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Malik's Story: Learning to See the Bigger Picture

When Malik arrived at Centrepoint, he had been asked to leave his family home due to a relationship breakdown with his parents. His parents had strong beliefs on how Malik should act and behave, ingrained in a traditional and conservative Somali concept of manhood and Malik struggled to meet these expectations whilst struggling with his own sense of identity. Since being with Centrepoint, he has made friends, started an apprenticeship and has been supported into his own home. Here, he tells his story.

Malik's Story: Learning to See the Bigger Picture

I have two brothers and two sisters and we are all very close in age, but I always felt very different from them.  I felt like I couldn’t be me in my parent’s house. They are amazing and provided me with wonderful opportunities, but I couldn’t be open with them about things and I just needed my own space – we were arguing a lot and in the end, I had to move out.

I became homeless and sofa surfed for a while. It’s depressing to sofa-surf; you’re living in someone else’s house, with someone else’s parents and you feel like you’re in their way. It was intense; I felt like I had no space and it felt suffocating.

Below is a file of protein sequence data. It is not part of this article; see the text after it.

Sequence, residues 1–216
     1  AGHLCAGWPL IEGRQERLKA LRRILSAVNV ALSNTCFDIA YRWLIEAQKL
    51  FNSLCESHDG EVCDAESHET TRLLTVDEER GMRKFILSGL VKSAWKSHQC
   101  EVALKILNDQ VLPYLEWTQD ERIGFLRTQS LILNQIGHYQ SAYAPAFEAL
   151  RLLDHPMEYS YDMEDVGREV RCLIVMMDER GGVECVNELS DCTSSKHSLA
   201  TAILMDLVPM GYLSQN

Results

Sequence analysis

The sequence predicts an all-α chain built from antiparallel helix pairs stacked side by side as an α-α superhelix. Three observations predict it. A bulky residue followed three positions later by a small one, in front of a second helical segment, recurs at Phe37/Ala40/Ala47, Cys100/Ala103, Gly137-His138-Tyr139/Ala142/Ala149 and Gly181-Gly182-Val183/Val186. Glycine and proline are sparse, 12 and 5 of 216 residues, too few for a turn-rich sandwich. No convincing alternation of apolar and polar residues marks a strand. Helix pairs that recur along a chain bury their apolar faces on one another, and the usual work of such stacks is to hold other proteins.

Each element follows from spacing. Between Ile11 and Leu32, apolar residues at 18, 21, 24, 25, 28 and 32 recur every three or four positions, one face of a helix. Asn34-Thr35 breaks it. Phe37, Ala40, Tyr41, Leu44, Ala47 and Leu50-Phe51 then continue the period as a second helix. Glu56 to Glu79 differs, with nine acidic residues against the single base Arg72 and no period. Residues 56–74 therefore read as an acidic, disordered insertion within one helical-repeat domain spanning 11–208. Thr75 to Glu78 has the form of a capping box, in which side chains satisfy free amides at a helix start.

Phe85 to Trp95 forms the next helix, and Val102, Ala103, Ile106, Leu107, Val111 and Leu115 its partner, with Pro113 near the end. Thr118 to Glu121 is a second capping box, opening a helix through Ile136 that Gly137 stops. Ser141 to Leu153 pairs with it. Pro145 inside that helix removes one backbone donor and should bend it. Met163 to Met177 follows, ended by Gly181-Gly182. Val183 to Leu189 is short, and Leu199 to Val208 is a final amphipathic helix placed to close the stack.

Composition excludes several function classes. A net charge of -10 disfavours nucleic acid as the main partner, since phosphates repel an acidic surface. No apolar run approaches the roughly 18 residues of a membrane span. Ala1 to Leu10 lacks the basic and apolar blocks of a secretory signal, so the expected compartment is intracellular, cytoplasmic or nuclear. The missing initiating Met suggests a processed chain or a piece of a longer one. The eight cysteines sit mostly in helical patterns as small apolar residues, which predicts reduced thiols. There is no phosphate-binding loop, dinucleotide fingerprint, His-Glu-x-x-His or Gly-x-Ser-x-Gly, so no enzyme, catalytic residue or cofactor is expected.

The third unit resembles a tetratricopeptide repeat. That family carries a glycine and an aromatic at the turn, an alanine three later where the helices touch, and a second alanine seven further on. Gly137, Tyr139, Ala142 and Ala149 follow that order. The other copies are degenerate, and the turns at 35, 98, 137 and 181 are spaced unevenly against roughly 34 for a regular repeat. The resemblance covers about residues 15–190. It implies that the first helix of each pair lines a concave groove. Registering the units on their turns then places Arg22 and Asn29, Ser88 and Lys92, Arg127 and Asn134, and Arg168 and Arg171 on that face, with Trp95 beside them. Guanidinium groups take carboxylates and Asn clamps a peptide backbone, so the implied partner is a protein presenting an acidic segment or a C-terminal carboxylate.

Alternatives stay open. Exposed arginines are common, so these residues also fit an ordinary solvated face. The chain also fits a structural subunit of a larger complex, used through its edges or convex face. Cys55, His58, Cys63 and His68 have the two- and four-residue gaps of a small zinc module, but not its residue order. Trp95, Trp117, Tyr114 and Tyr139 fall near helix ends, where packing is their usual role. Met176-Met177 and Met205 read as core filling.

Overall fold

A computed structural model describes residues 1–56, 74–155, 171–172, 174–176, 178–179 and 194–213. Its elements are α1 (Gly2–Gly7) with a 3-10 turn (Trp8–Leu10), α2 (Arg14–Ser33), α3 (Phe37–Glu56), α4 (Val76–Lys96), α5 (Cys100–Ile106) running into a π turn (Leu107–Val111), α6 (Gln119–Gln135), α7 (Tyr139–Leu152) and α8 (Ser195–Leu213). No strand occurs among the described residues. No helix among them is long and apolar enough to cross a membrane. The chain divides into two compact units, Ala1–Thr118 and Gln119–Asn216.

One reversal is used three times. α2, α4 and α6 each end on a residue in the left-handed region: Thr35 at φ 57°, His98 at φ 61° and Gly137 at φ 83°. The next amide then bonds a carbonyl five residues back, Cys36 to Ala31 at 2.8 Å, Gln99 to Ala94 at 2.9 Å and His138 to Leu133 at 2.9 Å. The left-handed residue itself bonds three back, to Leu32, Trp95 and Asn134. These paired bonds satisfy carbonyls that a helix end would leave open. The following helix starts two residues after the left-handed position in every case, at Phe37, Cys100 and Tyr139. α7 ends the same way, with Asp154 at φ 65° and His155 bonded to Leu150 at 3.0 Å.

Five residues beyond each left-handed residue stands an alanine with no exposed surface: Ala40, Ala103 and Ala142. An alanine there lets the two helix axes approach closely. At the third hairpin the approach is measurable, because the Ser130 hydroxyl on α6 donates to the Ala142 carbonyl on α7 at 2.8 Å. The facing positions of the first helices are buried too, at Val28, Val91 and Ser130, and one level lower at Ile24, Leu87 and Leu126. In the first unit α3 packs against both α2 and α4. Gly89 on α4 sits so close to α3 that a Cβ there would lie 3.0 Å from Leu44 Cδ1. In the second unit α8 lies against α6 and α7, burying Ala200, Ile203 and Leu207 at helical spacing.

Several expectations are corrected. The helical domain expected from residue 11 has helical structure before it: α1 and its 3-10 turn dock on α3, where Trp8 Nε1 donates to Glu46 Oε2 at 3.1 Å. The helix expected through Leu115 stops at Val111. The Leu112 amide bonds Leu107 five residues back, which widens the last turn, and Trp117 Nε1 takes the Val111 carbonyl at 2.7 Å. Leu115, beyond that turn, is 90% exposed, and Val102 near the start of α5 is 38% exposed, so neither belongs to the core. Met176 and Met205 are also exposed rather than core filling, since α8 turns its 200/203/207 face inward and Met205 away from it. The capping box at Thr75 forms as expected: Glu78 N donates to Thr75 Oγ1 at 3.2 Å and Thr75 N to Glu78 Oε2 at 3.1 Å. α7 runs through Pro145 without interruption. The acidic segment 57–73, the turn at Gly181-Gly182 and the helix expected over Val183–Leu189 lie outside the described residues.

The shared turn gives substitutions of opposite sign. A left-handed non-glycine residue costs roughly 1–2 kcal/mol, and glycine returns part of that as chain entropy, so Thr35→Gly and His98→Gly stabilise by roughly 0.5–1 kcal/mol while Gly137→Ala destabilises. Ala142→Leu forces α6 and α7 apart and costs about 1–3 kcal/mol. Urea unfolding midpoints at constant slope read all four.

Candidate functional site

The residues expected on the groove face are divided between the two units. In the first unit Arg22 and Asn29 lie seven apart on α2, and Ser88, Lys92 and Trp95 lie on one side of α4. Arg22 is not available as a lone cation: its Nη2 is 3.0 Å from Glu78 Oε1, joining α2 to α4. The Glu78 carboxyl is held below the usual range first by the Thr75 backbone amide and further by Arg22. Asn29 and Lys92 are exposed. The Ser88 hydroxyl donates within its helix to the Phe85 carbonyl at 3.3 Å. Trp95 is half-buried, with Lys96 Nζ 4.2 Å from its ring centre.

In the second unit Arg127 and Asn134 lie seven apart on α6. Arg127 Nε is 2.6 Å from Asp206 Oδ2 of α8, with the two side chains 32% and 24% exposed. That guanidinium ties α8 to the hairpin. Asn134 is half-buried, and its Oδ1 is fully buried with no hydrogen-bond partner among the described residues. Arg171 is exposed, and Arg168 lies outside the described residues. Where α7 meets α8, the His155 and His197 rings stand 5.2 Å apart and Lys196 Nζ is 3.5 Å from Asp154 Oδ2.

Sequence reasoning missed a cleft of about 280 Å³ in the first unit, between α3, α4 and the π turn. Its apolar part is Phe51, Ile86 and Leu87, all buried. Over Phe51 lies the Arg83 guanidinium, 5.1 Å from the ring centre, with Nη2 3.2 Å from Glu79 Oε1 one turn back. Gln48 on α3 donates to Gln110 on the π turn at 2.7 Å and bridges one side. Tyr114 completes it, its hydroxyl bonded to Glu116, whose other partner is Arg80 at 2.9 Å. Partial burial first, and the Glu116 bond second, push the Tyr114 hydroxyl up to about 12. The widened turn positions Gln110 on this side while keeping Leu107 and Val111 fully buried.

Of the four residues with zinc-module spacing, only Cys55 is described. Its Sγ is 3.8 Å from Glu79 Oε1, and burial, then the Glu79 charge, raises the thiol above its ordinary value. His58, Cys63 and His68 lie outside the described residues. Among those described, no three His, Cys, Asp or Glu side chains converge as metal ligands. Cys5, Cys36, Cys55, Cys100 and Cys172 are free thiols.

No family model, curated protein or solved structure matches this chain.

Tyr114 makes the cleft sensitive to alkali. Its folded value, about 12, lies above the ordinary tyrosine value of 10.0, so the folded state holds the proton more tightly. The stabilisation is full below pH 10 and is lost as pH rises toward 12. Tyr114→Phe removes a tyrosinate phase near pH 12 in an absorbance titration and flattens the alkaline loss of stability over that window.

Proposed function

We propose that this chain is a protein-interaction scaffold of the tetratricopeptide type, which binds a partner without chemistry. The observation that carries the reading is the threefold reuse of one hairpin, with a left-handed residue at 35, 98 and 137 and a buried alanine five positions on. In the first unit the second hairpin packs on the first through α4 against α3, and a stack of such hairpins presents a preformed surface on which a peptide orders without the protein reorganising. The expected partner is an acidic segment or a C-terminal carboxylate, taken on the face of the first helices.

Luckily, I went to the council and ended up with an amazing housing officer. She knew the Centrepoint hostel would be perfect for me. I have my own space here, but I am also around other young people and I have the support of the staff when I need it.

During lockdown, It was good for me to be around other young people. I made some beautiful friendships. Everyone was very different, but I felt like I was able to bring people together. I was cooking in the kitchen and I encouraged other people to come and cook with me. Even the staff commented that the hostel wasn’t the same before I was there - I changed the energy. In the hostel, every young person has a story. Living here allowed me to learn about other people and help other people. It has been one of the most beautiful experiences I’ve ever had.

We all went through days where things were difficult during lockdown. We were missing our families, but we became each other’s family. We celebrated our birthdays together, we got each other presents. I saw improvements within everyone in there. We all positively impacted each other. I get goosebumps thinking about it.

I’ve recently started a new apprenticeship. At first, I had social anxiety and things like that, but I tried to leave it outside the building and when I'm at work and I’m enthusiastic and inquisitive. Coming from a hostel background and not having your parent’s support or financial support is hard, but you’ve got to have the right attitude.

The Centrepoint Bursary has helped me by providing a laptop, which means I am able to do the tasks for my apprenticeship remotely which has been a huge help.